Dermatologist looking at a skin tag on a woman's face
Don't assume a new growth is a benign skin tag. A skin care expert can tell you for sure and can also remove it safely. (Photo source: iStock)

Who isn’t bothered by skin tags? You know, those annoying flesh-colored dangling pieces of skin? If you’ve got one or more, you know it. You probably can’t keep your hands off of them. Skin tags are probably the most common bump or growth found on adult skin. You may think they are ugly (and sometimes they are), but the good news is that they are harmless. Here’s what you need to know about skin tags, their causes, and whether or how they should be removed.

What are skin tags?

Skin tags are simply an outgrowth of normal skin. They are diagnosed based on clinical appearance. They may be as small as a pencil point or may grow to the size of a dime. Typically, they are only a few millimeters in diameter.

A single tag is pedunculated. That means it is attached by a peduncle which is a narrow stalk to which the growth attaches to the skin.

Pedunculated skin tag
Many skin tags are pedunculated, meaning they are on a stalk such as the one shown in this photo. (Photo source: iStock)

In the dermatologic literature, skin tags are also known as acrochordons, fibroepithelial polyps, or cutaneous papillomas. Whatever you call them, they are harmless, benign skin tumors that typically do not hurt, itch, or cause pain.

They are very common. Almost 50% of the adult population has them. The chance of developing them increases with ageFurther, a person may have a single skin tag or may develop hundreds of these fleshy growths.

What causes skin tags?

Skin tags are commonly seen in individuals with obesity and diabetes. Some observational studies suggest that they may be a sign of insulin resistance. But the exact cause is uncertain.

Environmental factors may play a role, as they sometimes, but not always, occur in areas where skin rubs against skin creating areas of friction.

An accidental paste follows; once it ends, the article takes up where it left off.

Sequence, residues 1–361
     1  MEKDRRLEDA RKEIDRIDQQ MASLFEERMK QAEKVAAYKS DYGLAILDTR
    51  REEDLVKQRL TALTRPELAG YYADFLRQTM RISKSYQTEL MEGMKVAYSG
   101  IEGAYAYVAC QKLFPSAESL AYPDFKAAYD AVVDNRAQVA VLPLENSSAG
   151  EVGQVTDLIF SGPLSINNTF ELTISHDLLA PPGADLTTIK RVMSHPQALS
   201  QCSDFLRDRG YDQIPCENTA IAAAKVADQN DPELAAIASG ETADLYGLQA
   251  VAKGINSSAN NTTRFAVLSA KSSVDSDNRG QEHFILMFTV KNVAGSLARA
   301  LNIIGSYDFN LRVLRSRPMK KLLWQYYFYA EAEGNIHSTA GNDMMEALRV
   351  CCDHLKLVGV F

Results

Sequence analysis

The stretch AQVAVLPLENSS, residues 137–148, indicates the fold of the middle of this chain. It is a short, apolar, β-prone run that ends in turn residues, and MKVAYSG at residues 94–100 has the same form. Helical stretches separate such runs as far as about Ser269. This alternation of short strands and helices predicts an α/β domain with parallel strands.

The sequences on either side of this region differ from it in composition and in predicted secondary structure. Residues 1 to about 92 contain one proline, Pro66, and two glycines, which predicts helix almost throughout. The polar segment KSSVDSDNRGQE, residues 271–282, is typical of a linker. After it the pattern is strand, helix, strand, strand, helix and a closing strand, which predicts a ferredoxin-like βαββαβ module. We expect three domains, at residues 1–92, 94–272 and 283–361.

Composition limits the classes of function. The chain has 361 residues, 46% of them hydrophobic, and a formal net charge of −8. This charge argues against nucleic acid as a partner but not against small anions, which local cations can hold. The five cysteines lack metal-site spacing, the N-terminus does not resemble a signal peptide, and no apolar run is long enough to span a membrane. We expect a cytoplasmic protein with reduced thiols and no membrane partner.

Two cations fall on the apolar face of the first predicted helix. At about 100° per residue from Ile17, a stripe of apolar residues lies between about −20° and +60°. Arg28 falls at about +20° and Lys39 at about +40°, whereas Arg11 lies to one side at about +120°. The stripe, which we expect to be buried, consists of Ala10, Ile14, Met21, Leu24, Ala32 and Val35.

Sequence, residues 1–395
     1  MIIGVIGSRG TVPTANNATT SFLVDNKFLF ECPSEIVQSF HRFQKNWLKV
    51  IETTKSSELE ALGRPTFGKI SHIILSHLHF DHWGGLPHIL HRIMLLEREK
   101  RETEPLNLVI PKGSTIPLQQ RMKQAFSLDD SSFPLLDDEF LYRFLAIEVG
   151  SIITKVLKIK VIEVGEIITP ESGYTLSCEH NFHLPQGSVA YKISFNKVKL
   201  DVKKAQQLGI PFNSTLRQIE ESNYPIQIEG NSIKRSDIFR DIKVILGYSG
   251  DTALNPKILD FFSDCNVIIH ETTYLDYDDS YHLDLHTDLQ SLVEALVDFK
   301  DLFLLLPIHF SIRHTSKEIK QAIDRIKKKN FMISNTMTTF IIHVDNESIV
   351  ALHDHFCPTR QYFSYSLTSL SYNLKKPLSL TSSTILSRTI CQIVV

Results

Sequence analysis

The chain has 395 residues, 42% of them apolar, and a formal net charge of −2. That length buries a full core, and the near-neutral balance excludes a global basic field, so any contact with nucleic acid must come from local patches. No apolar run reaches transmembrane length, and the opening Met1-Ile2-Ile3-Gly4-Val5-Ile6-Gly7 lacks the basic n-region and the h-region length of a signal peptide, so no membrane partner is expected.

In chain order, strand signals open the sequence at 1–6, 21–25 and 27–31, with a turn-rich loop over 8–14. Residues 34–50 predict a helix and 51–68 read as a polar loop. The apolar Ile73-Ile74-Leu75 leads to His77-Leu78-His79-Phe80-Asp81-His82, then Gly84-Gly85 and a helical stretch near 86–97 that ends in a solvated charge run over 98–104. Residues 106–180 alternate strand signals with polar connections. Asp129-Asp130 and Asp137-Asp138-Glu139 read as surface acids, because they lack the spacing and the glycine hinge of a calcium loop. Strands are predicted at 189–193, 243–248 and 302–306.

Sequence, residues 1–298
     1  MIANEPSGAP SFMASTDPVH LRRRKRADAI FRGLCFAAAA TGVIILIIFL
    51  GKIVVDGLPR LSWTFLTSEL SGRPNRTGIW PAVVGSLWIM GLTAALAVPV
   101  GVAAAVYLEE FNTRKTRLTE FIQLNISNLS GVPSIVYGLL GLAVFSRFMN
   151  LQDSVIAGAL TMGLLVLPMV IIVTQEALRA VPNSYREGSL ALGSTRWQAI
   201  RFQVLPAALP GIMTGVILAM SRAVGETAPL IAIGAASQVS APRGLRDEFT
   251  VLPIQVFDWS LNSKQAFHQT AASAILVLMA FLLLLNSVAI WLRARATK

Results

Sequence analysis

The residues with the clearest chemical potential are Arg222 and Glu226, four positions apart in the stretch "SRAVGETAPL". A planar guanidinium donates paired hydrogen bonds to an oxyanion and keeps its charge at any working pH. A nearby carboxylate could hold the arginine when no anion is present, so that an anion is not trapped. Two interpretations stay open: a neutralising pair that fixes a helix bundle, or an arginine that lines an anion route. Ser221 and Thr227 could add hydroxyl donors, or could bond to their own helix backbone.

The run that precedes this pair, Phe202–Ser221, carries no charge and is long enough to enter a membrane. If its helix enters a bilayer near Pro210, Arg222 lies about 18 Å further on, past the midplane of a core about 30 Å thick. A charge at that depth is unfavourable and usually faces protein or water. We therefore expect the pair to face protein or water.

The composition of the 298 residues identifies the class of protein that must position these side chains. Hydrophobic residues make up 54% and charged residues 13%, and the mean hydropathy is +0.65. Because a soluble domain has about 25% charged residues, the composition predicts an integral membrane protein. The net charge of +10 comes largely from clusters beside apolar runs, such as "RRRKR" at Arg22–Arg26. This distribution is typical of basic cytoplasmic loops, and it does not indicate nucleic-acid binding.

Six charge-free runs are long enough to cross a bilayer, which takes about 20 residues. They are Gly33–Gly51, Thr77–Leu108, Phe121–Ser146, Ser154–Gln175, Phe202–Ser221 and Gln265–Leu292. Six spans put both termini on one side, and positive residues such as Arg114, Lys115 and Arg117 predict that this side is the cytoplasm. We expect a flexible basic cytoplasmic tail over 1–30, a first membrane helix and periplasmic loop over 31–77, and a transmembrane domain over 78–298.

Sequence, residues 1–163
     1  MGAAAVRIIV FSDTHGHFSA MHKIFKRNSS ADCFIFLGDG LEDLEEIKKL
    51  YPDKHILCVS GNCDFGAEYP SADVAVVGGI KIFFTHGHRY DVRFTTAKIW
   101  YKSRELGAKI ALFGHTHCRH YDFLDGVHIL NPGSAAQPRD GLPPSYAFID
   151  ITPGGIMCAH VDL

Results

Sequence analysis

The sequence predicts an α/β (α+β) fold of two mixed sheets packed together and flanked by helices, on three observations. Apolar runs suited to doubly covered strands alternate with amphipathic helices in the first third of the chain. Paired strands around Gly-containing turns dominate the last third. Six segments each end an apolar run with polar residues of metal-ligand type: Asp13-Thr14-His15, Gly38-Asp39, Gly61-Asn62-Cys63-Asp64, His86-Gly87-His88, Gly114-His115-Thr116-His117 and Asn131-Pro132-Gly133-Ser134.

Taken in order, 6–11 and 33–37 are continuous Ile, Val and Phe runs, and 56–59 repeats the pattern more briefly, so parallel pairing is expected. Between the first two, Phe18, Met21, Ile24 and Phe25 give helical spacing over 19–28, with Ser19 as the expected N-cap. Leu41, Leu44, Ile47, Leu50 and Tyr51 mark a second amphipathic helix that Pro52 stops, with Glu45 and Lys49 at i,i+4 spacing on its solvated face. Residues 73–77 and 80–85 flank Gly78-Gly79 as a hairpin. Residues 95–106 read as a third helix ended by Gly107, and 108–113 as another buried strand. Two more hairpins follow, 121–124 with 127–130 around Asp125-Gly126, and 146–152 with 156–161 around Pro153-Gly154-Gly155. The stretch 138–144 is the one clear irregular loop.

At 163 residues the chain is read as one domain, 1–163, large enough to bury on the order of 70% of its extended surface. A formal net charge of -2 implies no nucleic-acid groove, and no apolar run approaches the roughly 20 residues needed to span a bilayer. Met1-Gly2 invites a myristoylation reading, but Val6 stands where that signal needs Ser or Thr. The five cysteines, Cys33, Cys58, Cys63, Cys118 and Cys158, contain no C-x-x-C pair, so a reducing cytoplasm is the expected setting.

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Examples include the armpits, around the base of the neck, underneath the breasts, and along the inguinal crease where the upper thigh meets the body. Skin tags may also be found on the eyelids.

multiple skin tags around the neck
Some people have only one or two skin tags, others have multiple skin tags particularly in areas of skin friction, such as the neck. (Photo source: iStock)

Hormones may also play a role in developing skin tags as these growths seem to increase in pregnant women. And as with many medical conditions, there may be a genetic predisposition because skin tags often run in families.

Other articles by this author:

Cellulite: A Review of Currently Available Treatments
How Do I Know If I Have Skin Cancer?
What You Need to Know About Basal Cell Carcinoma
Link to all articles by Dr. Fayne Frey

Common myths about skin tags

  • Only older folks get skin tags

Although they are more common in older individuals, anyone, including children can develop these benign growths.

  • They are contagious

They are not contagious.

  • Removing skin tags causes new ones to grow

Removing them does not cause new tags to grow, although new ones may develop with age.

  • Skin tags are the beginning of cancer

They are, in fact, universally benign. Reports of skin cancer arising within them extremely rare.

  • Skin tags indicate that you have cancer

They are not a sign that you have cancer or any other medical condition, for that matter. One exception is an exceedingly rare, complex inherited disorder called Birt-Hogg-Dube syndrome associated with a variety of benign skin tumors, including skin tags. However, because skin tags are very common merely having them is not an indication of an underlying malignancy or any other health problem.

  • Only people who are overweight get them

This is not true. Although overweight individuals may be more likely to develop skin tags, these fibromas do not discriminate. Even the most underweight individual can develop them.

Should skin tags be removed?

Most dermatologists recommend the removal of tags only if they are the source of irritation or discomfort. Although they often become inflamed in areas where skin rubs against the skin, they can also become irritated from clothing or get caught in jewelry.

Skin tags can be removed if an individual finds their appearance unfavorable. It is important to note, however, that many private insurers no longer cover the removal of these benign growths solely for cosmetic purposes. From a strictly medical perspective, there is no reason to remove an otherwise asymptomatic skin tag.

How are skin tags removed?